Vonray's self-titled Elektra debut is a collection of guitar anthems and ballads that should appeal to fans of middling adult alternative groups like Live, Vertical Horizon, and Remy Zero. Vaughan Rhea is the band's namesake, frontman, and one of three guitarists. He is joined by brother Dave Rhea on bass, drummer Jeff Irizarry, and fellow guitarists Garrett Coleman and Todd Hackenburg. While Vaughan seems to have a strong voice, his delivery here is an irritating three-part impersonation of Eddie Vedder, Ed Kowalczyk, and Scott Stapp. Each lyrical couplet ends with a short, emotive intake of air; most choruses erupt in the throaty, arena-ready bellow Vedder bequeathed to Stapp. Musically, the band evokes the stilted, tentative pop style of CCM groups such as Jars of Clay. Quasi-spiritual lyrics ("Evil deeds that breed temptation," from the Pearl Jam-meets-Live songwriting project "Part of Me") don't help matters any. The rousing first single "Inside Out" has gained exposure for the band through its inclusion on the Smallville soundtrack; there, it is in good company with sound-alikes Lifehouse and Steadman. "Inside Out" is also one of only two songs on Vonray written exclusively by Rhea or his band. The majority of the record was co-written by Rhea and producer Marc Tanner, who has worked with the Calling, another overly dramatic modern rock combo with a strikingly derivative sound. Since so many of these groups lack even the relative grit of a band like Creed, yet aren't talented enough as players or songwriters to appeal to the more discerning alternative music consumer, they are destined to fill the middle spots on soundtracks to romantic comedies, or, in Vonray's case, to programs on the WB.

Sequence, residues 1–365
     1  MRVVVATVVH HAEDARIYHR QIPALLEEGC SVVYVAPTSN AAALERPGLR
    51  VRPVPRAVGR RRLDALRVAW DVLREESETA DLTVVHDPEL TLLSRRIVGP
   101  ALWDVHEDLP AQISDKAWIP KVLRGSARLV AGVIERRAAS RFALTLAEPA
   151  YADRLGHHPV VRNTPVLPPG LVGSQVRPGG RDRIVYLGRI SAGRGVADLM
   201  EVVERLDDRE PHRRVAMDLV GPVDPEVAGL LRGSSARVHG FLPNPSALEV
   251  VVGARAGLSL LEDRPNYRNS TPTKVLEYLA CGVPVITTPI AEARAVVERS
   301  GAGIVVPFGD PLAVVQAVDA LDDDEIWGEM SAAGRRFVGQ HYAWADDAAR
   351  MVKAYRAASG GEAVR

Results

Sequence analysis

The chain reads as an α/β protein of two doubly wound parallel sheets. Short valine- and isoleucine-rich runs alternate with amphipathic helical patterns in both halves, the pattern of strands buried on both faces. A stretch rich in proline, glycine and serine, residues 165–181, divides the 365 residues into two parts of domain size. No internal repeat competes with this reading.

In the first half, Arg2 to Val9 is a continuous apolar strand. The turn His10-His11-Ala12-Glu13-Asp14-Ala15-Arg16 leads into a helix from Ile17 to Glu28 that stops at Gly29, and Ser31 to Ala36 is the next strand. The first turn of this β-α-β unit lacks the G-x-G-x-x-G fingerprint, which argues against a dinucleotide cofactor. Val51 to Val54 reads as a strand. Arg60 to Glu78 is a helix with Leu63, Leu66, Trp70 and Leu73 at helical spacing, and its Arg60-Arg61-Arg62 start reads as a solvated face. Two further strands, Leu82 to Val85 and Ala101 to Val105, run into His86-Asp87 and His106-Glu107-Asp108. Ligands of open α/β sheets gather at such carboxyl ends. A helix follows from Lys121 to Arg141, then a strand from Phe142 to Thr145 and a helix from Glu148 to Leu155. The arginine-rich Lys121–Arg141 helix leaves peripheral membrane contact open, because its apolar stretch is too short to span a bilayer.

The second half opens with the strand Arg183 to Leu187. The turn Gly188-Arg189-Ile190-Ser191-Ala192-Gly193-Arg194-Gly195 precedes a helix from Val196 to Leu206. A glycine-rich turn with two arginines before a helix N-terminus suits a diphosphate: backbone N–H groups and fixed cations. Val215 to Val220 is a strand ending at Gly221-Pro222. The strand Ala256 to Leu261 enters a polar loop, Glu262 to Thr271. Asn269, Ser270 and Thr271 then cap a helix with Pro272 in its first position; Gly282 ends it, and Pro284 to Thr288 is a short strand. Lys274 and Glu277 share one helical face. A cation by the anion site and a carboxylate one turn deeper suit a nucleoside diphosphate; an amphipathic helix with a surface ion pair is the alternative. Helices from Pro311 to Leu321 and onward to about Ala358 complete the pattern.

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AllMusic Review by Johnny Loftus